Tuesday, September 21, 2010


during the last decade, the eventual downfall and probable disappearance of print magazines has been on the lips of media enthusiasts, and for many of us who design and work with user interfaces with their myriad of possibilities, the problems online newspapers and magazines suffer from are more than apparent and acute.

there were brief (although probably still continuing somewhere, i suppose) discussions whether blogs posed a threat to professional journalism, but as with most oppositions between pros and amateurs, there seems to exist at least some kind of a concordance about their valuable and mutually beneficial coexistence. the most obvious example of this is the inclusion of blogs written by amateurs in official newspaper and magazine sites.

bloggers also took making money to their own hands rather unexpectedly: at first there were blogshops that were an inexpensive way to create a small business on a free blog platform – a kind of a self-built catalogue online with varying methods for making purchases, but usually no additional content. by no means a disappearing breed, there are several still around the blogosphere.

moreover, many bloggers started to host a secondary site where they sell their own handiwork or items they no longer need. they're similar to the blogshops mentioned above, but these sites are indistinguishably linked to blogs by design or, if hosted by other services, such as etsy, carry the signature elements of the original blog. in fact, they resemble brand sites that combine designer/product/brand information and a separate store, and in this case the brand bloggers rely on is obviously their blogger persona.

blogshops as byproducts of otherwise non-commercial blogs are one of the creations of the merging of internet applications that take a direction that was not expected. nonetheless, lately i have noted an emerging trend that seems to be coming to meet blogger entrepreneurs halfway visually, but acts from a different angle altogether.

many conventional webstores have changed their layout to resemble blogs, such as the newly launched us site of finnish design shop. their commercial purpose is recognizable on the front page but in order to land on a page that creates a visually familiar webshop experience, you'll need to feel inspired to do some clicking. there is brief additional content, but the store is still more or less only a place to buy interesting items and learn only what is necessary to make the purchase.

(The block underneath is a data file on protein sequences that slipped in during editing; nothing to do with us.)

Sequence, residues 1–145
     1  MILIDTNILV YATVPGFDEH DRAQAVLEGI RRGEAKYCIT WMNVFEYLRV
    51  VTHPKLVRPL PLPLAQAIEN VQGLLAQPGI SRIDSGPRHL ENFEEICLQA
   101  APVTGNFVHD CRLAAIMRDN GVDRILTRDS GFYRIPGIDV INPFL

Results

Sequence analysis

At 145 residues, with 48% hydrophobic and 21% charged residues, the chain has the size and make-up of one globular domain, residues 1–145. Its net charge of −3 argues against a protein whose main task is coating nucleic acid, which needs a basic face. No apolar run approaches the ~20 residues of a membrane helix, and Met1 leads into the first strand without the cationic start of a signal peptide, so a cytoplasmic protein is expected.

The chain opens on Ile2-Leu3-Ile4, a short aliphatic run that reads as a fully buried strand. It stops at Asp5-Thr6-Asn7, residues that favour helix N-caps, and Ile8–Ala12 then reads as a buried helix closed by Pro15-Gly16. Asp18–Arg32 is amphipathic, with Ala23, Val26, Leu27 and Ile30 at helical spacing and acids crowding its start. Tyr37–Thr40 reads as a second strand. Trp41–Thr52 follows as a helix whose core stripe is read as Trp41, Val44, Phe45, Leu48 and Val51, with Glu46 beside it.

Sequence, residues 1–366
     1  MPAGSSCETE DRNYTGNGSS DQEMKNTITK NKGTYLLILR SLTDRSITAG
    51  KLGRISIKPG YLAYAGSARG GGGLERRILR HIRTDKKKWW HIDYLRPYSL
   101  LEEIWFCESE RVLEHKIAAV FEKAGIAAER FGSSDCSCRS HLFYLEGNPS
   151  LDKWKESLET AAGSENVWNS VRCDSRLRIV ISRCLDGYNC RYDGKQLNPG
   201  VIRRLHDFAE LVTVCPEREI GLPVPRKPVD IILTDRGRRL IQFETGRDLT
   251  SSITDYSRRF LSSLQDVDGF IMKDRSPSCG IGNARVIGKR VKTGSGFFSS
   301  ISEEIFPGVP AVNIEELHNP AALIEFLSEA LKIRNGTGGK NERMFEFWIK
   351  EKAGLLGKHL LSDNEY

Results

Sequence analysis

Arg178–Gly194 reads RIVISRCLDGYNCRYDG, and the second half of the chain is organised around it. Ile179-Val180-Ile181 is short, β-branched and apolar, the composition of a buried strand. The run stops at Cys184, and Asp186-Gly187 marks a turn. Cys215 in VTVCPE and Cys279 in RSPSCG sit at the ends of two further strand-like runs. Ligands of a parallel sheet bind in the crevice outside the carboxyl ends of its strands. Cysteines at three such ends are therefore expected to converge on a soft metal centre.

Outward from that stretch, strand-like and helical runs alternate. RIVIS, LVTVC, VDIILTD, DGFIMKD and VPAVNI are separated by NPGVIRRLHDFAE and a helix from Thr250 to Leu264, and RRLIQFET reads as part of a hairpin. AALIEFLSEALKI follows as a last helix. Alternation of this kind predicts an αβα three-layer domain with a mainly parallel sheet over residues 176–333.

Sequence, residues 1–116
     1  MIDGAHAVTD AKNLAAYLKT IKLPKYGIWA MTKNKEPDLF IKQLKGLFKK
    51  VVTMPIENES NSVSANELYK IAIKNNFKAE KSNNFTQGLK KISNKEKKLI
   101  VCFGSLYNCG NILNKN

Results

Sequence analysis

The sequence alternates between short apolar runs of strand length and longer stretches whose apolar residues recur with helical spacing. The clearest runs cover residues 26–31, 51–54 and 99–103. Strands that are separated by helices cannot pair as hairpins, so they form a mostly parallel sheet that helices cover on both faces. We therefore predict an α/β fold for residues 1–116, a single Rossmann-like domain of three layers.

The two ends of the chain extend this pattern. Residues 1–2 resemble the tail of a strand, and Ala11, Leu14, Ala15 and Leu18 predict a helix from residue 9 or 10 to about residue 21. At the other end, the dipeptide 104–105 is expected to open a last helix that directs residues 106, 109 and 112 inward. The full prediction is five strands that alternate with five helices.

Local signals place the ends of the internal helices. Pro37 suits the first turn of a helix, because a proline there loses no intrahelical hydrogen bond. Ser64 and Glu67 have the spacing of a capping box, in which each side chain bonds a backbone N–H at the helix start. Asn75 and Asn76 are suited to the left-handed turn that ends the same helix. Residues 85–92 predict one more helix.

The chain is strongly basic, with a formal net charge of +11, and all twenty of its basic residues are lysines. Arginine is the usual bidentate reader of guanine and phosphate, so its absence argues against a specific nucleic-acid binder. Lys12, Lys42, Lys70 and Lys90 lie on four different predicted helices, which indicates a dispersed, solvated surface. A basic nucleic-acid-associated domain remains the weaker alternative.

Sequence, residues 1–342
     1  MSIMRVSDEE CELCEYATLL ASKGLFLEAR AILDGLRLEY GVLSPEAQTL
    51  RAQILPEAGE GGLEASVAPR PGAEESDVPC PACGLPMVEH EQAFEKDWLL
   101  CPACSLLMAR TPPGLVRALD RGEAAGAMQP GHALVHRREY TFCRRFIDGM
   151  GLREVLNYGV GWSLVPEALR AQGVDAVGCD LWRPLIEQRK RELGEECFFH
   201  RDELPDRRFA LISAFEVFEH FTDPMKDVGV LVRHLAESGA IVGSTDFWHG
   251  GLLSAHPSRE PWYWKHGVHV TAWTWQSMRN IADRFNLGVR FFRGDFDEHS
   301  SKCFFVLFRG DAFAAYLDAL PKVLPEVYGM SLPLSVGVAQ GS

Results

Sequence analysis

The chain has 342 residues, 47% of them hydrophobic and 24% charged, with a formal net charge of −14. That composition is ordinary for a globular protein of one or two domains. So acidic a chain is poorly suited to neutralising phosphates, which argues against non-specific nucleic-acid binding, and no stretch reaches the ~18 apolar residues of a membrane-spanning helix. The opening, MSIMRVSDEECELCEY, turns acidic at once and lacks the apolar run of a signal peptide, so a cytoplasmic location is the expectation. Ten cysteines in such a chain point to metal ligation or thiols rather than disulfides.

nevertheless, there are further mergers that interest me now.

that is, some have gone as far as concentrating on content creation to the extent of almost hiding the shop aspect of their webstore. one of the latter example is hanna sarén's new website which differs very much from a traditional designer site+store concept, but rather suggests a digital magazine with multiple contributors or a more professionally created lifestyle blog. the site lists interesting products that are not associated with sarén herself, events that might appeal to her followers and occasionally a pop-up of a product listing that can be bought from the (still very unfinished) webstore.

the kinds like this suggest a shift in creating online content that relies on providing a fuller experience in lieu of taking the chances of ending up linked rather randomly to other sites that gather a regular following. point being, why not be the site your customers want to follow for interesting news, not only the site that's being linked to where they regularly hang out, right?

sure, it might not be for everyone. it is more time-consuming to gather and post newsworthy substance from various places and several angles: anyone who blogs knows that producing content is an effort whether we're talking pictures or text. needless to say, having others do it for you is expensive.

nevertheless, it may prove to be a lucrative venture business-wise, because keeping people at your site seems to be one of the key elements in closing a sale online. when you appeal to your potential customers at times when they do not even consider buying or browsing what's new, the chances of creating whims are greater.

what do you think? do you look for certain certain telltale signs when you land on an online store site? could you consider stores that visually resemble stores only vaguely reliable or not?

edit 22 sept: finnish design shop launched their new, bloggy look today in finland, as well.


hokey said...

interesting observation. I don't know if you keep up with the movements of uk press at all but the merging of online editorial with e-commerce seems to be reflected in a few recent appointments - eg Melissa Dick who was editor at Elleuk.com has now gone to Asos. And Jeremy Langmead who was editor at Esquire magazine has now gone to Mr Porter the menswear version of Net a Porter.

So it looks like both of those companies are heading in a more editorially driven direction, albeit on a larger scale than Hanna Saren. Seems like there's a trend emerging at the both ends of the scale...

stellagee said...

hokey, thanks for your comment! i actually have only observed the visual changes, but these appointments you tell me about make all the more sense of the phenomenon. i look forward to seeing what these mergers take us towards...